One Damn Thing After Another: Hollywood Homicide (2003)

It’s been fifteen years since Ron Shelton’s Hollywood Homicide (2003) was released to pretty bad reviews. A buddy-cop action-comedy starring Harrison Ford (after the classic Air Force One (1997) but before he got dragged back into franchises with Indiana Jones and the Kingdom of the Crystal Skull (2008)) and Josh Hartnett (fresh off a box office hot streak with Pearl Harbor (2001), Black Hawk Down (2001), and 40 Days and 40 Nights (2002)), the film was faulted for its loose pace, unwieldy and confusing plot, lack of chemistry between the leads, and clichéd action sequences. On the whole, the critics weren’t wrong. But those faults only matter if you think you’re walking into a certain kind of film, when in fact, Hollywood Homicide is a whole other kettle of fish. Roger Ebert is one of the few critics who got it. Let’s take a look at what everyone else missed.

Continue reading “One Damn Thing After Another: Hollywood Homicide (2003)”

Advertisements

The Haunter and the Haunted: A Ghost Story (2017)

In a filmgoing market flooded with headache-inducing action flicks and facepalm-worthy rom-coms, when filmmakers go wild over the infinite possibilities of CGI (most of which possibilities are bad), the retro style of David Lowery’s A Ghost Story (2017) feels downright iconoclastic. It’s shot with elegance, grace, and design, yet it still preserves a sense of spontaneity and associative logic thanks to some on-set editing by Shane Carruth, of Primer (2004) and Upstream Color (2013) fame. Lowery is a student of Terrence Malick, and given the commonalities among the styles of these three, and a thematic continuity between them and Richard Linklater, I’m ready to declare a new Texan school of filmmaking. Who’s with me?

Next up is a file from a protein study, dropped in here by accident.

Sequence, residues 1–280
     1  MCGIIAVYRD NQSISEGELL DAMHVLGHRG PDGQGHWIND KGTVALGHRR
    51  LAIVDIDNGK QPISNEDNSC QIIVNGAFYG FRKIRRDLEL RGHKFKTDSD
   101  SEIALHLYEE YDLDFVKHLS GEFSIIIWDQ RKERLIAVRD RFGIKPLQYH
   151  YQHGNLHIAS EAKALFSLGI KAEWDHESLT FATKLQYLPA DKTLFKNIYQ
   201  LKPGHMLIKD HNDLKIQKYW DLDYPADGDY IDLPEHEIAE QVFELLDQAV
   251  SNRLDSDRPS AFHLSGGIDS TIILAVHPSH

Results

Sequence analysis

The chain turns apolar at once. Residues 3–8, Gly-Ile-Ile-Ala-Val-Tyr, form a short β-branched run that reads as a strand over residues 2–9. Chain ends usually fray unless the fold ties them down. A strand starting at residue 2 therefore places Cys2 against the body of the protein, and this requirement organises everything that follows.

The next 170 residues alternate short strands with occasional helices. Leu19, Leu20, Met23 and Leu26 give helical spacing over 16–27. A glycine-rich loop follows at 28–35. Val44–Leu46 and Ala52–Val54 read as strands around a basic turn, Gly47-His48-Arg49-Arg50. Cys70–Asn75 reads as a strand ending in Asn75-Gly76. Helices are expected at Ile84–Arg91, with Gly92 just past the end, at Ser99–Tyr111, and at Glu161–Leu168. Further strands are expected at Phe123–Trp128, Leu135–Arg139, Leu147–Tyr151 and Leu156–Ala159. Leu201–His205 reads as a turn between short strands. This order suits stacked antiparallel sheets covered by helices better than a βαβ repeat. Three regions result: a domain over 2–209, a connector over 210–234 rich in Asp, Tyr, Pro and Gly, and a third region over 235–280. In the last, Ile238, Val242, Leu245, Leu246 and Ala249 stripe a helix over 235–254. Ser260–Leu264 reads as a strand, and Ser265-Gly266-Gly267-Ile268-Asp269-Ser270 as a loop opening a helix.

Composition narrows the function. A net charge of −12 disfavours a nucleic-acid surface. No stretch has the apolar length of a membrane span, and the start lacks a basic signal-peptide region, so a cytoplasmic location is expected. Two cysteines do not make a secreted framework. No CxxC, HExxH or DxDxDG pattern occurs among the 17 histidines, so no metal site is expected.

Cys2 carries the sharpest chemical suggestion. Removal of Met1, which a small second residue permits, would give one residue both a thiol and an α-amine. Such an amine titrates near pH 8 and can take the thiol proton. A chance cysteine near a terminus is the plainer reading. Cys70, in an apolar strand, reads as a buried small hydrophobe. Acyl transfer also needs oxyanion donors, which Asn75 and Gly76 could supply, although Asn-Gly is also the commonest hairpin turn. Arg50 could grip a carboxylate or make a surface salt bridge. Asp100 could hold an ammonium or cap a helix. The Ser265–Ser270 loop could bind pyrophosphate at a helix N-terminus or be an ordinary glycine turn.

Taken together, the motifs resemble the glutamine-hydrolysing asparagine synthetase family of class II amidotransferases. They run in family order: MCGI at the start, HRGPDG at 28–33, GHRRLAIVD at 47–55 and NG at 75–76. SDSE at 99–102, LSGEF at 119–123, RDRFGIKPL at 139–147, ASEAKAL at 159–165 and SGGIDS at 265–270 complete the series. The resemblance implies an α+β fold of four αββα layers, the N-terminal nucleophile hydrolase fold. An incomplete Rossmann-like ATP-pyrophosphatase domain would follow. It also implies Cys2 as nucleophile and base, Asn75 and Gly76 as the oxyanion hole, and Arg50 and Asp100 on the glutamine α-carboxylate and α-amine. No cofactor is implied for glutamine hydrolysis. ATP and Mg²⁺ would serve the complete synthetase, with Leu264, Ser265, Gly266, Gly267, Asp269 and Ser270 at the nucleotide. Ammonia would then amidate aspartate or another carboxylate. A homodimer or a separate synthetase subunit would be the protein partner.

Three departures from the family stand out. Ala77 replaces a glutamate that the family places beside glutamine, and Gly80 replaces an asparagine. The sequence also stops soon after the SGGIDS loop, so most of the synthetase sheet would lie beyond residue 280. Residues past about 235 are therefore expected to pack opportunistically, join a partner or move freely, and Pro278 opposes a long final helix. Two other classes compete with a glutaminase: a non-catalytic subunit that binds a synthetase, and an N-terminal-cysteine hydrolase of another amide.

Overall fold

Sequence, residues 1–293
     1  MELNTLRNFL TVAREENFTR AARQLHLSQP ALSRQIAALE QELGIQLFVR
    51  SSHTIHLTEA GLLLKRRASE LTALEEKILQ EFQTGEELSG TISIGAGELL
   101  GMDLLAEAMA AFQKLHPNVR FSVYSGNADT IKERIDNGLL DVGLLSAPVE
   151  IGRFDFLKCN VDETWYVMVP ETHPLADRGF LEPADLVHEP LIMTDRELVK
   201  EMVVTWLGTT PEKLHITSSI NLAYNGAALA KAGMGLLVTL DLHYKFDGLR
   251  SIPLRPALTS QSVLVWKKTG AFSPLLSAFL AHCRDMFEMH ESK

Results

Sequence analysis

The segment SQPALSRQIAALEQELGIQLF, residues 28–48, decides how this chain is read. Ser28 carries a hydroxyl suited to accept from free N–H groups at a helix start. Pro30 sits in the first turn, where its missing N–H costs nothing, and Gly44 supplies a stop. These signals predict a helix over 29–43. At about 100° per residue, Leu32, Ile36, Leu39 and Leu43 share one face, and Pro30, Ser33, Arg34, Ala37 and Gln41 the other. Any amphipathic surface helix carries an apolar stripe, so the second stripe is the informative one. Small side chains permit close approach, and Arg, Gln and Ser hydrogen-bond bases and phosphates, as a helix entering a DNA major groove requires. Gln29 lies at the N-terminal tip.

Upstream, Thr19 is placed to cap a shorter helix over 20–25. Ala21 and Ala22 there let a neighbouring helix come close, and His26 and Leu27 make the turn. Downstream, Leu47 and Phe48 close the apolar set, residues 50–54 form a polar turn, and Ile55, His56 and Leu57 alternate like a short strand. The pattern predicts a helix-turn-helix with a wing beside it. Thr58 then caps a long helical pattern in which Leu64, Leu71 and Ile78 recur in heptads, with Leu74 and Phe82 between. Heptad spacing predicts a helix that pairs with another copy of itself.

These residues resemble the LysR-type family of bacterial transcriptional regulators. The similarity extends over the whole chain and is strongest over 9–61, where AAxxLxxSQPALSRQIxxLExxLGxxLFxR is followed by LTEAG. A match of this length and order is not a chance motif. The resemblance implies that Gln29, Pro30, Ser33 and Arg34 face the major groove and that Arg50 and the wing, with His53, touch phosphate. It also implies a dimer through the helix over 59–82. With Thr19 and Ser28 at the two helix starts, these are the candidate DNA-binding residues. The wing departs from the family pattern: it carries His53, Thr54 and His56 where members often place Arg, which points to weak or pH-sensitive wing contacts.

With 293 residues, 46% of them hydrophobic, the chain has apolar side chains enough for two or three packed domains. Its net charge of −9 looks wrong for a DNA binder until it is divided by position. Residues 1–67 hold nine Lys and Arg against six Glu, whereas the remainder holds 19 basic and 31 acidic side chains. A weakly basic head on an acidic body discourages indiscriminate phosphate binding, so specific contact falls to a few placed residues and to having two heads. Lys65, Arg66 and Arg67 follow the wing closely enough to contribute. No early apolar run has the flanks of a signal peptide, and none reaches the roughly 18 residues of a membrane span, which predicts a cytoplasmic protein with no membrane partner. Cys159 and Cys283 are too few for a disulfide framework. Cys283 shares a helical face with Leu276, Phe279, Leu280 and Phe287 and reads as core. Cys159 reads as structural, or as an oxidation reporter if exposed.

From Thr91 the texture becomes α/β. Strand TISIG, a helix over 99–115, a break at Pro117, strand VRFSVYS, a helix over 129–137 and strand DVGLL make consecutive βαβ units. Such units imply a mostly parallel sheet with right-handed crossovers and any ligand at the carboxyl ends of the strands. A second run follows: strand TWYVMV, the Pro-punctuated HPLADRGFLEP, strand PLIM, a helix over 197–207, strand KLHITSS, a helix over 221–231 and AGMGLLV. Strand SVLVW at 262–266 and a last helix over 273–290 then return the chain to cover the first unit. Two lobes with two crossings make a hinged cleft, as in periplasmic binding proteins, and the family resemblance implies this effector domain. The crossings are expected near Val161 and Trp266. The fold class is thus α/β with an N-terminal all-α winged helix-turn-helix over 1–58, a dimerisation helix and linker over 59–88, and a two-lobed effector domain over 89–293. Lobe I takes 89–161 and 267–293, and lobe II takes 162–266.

Continue reading “The Haunter and the Haunted: A Ghost Story (2017)”

The Case for Cinema Vérité: The Days 3 (Shenghuo Eryi 3 / 生活而已3 2017)

Editor’s note: This piece is part of a series on the 2018 Taiwan International Documentary Festival.

I previously wrote a piece decrying the filmmaker interventions in cinema vérité as nothing more than “bells and whistles.” Perhaps I simply hadn’t considered what kind of documentary cinema vérité is truly suited for. The Days 3 (Shenghuo Eryi 3 / 生活而已3 2017), by Chinese documentarian Wei Xiaobo, is a documentary that would be not only impossible but inappropriate to make any other way.

Continue reading “The Case for Cinema Vérité: The Days 3 (Shenghuo Eryi 3 / 生活而已3 2017)”

Thoughts on I Didn’t Dare to Tell You (Bugan Genni Jiang / 不敢跟你講 1969)

Editor’s note: This piece is part of a series on the 2018 Taiwan International Documentary Festival.

I Didn’t Dare to Tell You (Bugan Genni Jiang / 不敢跟你講 1969), the debut of Taiwanese director Mou Tun-fei, was never theatrically released. No one’s sure whether this is because it was banned—but on what grounds?—or because the indie production team ran out of cash for distribution. After restoration and digital conversion by the Taiwan Film Institute, and despite apparently missing its eighth reel, it was finally screened during this year’s festival. The screening I attended was only the second in its history.

Continue reading “Thoughts on I Didn’t Dare to Tell You (Bugan Genni Jiang / 不敢跟你講 1969)”